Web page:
We flew to the Brazilian side, with an in-flight snack of LUCKY batata (a brand of potato chips), not knowing this was a sign of things to come. Our friends had advised us to stay on the Argentinian side, and thus my brain–finally comfortable with the beautiful Portugues language, switched to Espanol. Lucky, we thought when we saw our hotel, chosen for its off-the-beaten-path location in the rain forest, until we were told our rooms had no water. No worries. LUCKY kicked in when we were relocated–at our original 3 star hotel’s expense– to the 5 star Loi Suites down the road. So this is how the other half lives, neh?
We rejuvenated (as much as two not-so-juven folks can) at the tri-level pool, where rich-and-probably-famous couples and families lounged about. Most of the females, young and old, in their oh-so-Brazilian thong bikinis and bronze bodies. (Lucky, my husband thought.)
That night, under a canopy of stars, we listened to jungle sounds mixed with canned music from the hotel’s “Tiki Bar” (Saturday Night Fever anyone?) and I could swear I smelled campfires. The next day we discovered, a few meters down the road from these bronzed-skin cancer candidates, the indigenous people who cook over open fires beside simple homes of mud walls and thatched roofs. (Somewhere in the rain forest near Foz do Iguazu, a young girl now wears my “Hats Off to Reading” ball cap. –Thanks EAB!)
On the slow ramble of the Iguazu Falls train (I swear it’s the orginal Jungle Train adventure…), we met a family from Brazil, a young man who works in Buenas Aires and loved practicing his English, and a train-load of Japanese tourists.
What a contrast to see the wisely, sun-protected Japanese women in their lightweight slacks, long sleeve shirts, white gloves, and sunhats. No wonder they age so gracefully–without cosmetic surgery… And is it just me or does the Portuguese word for thank you, obrigado, sound curiously like the Japanese arigato? (Yes, I’ll admit it. In the middle of the rain forest, that ridiculous song kept zinging through my head: Domo arigato, Mr. Roboto—)
The majestic equalizer, Iguazu Falls, stunned everyone, holding us spellbound by the incredible wonder of Devil’s Throat and the lower falls. It is said that on the Brazilian side you can see the falls, but on the Argentinian side you live them. (See my facebook photos.) We lived them. Happy Birthday PZapp. Lucky indeed–not just the falls, but our entire trip. Which brings me to the wonderful people of Porto Alegre, Brazil, and my last school visits of the trip.
Each international school has been so different, but the multicultural staff and students and parents share a global perspective so necessary in this world of ours. Pan American School of Porto Alegre is smaller than the others I’ve visited, with approximately 300 students from P3 (age three, preschool cuties) to more of those aforementioned (Parts 1-2-3-4) , incredibly bright middle school and high school students who will soon be running our world. And you know what? I think we’ll be in capable hands.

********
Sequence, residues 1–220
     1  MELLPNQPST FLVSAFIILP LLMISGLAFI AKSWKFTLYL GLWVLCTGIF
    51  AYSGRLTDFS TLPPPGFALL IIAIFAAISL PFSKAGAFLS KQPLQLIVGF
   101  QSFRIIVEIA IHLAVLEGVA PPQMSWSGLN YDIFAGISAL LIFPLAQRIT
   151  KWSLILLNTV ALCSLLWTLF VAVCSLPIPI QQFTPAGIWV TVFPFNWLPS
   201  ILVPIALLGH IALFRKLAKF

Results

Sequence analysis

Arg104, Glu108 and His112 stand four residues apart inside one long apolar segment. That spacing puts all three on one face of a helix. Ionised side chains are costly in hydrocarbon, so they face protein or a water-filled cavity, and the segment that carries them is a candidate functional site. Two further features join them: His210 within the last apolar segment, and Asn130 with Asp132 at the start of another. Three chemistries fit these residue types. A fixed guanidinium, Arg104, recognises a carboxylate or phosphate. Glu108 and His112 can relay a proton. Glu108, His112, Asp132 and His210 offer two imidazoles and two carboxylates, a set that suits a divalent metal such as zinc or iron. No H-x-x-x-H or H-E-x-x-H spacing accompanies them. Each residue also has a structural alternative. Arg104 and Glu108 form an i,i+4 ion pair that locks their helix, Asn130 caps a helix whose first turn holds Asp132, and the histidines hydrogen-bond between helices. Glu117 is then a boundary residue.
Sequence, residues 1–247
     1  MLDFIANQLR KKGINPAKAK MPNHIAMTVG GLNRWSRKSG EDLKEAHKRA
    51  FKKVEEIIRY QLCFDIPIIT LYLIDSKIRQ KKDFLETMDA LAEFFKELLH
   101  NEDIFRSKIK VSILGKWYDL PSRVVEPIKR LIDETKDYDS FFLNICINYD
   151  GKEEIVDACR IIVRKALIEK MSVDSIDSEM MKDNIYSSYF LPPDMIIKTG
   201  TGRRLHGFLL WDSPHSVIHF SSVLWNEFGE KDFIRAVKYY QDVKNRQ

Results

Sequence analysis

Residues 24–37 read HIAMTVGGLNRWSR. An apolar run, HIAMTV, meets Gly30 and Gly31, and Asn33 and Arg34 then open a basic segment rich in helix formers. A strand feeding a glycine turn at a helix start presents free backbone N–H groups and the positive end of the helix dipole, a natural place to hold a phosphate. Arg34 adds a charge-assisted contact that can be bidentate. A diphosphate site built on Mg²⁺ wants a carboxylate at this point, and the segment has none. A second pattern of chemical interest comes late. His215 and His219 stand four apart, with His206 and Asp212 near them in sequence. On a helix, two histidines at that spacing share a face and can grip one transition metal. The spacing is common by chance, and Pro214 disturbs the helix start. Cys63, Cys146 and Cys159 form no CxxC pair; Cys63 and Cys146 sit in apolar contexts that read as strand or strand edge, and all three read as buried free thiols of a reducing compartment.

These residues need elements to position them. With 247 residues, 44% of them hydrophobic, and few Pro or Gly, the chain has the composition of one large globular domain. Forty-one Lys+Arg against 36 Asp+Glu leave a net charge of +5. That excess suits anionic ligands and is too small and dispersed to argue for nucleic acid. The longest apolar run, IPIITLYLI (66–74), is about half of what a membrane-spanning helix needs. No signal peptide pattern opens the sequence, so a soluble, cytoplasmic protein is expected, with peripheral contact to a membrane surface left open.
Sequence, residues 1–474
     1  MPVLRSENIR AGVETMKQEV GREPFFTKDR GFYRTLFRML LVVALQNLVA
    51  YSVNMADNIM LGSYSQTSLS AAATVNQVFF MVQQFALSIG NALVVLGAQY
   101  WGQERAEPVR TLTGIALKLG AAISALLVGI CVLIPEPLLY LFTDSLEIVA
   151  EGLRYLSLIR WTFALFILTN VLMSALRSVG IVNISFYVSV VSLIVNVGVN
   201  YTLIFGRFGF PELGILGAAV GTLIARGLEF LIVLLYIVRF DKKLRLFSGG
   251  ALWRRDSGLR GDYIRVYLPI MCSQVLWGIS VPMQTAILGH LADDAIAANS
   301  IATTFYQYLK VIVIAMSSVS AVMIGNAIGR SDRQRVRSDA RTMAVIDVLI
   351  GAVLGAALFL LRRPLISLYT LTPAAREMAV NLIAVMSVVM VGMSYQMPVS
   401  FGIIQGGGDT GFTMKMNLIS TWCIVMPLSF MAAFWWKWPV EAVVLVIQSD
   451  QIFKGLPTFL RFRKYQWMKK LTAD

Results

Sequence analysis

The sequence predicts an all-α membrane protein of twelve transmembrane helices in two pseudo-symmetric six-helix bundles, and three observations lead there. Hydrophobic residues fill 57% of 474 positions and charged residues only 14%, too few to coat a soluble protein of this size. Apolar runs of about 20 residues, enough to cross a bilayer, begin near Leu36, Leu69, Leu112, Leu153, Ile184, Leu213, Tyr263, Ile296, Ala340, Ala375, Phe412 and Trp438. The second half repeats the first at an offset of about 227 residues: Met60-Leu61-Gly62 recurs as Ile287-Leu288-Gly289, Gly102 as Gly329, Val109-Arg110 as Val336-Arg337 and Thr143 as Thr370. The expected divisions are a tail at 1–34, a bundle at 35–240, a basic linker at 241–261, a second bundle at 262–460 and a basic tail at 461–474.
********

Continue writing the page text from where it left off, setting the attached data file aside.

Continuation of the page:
I met them all–in writing workshops, with my fluency games, in assemblies–yes, I rapped with the high school kids–, and at our Porto Alegre “home,” where we were hosted by Olivia (7th grade), Elias (5th grade), Rebecca (2nd grade), and their amazing mom, Chispa (the Spanish word for spark–which she is indeed.).
It was their first week back after a two month summer vacation. (I know, I know–it’s snowing somewhere in the world as we dip into the pool to cool off…) With Carneval coming up, their school schedule is even crazier this time of year. But the students–as always–were so much fun!
PZapp toured Porto Alegre during the days when I was at school. But after school, Chispa and the kids treated us to a personal tour, as did the elementary principal Lorrie Turner, who accompanied us on a scenic boat trip down the river and then took us to her favorite restaurant in the cupola of the old Majestic Hotel, once home to writer Mario Quintana. I think the universe is doing its best to introduce me to this insightful author, whose home town is Porto Alegre. And I’m not complaining.
A Mario Quintana quote (paraphrased): “The clock on the wall is a terrible monster. It has devoured three generations of my family…”
Alas, the clock on the wall has forced us to leave PAS Porto Alegre and the staff and students, and Chispa and her three “sparks.” But we have once again made lifetime friends and so we say, “Ate’ logo.” (Until soon…)
Our final stop, Argentina–Buenas Aires and also the pampas (grasslands) area of San Antonio de Areca. Don’t cry for us….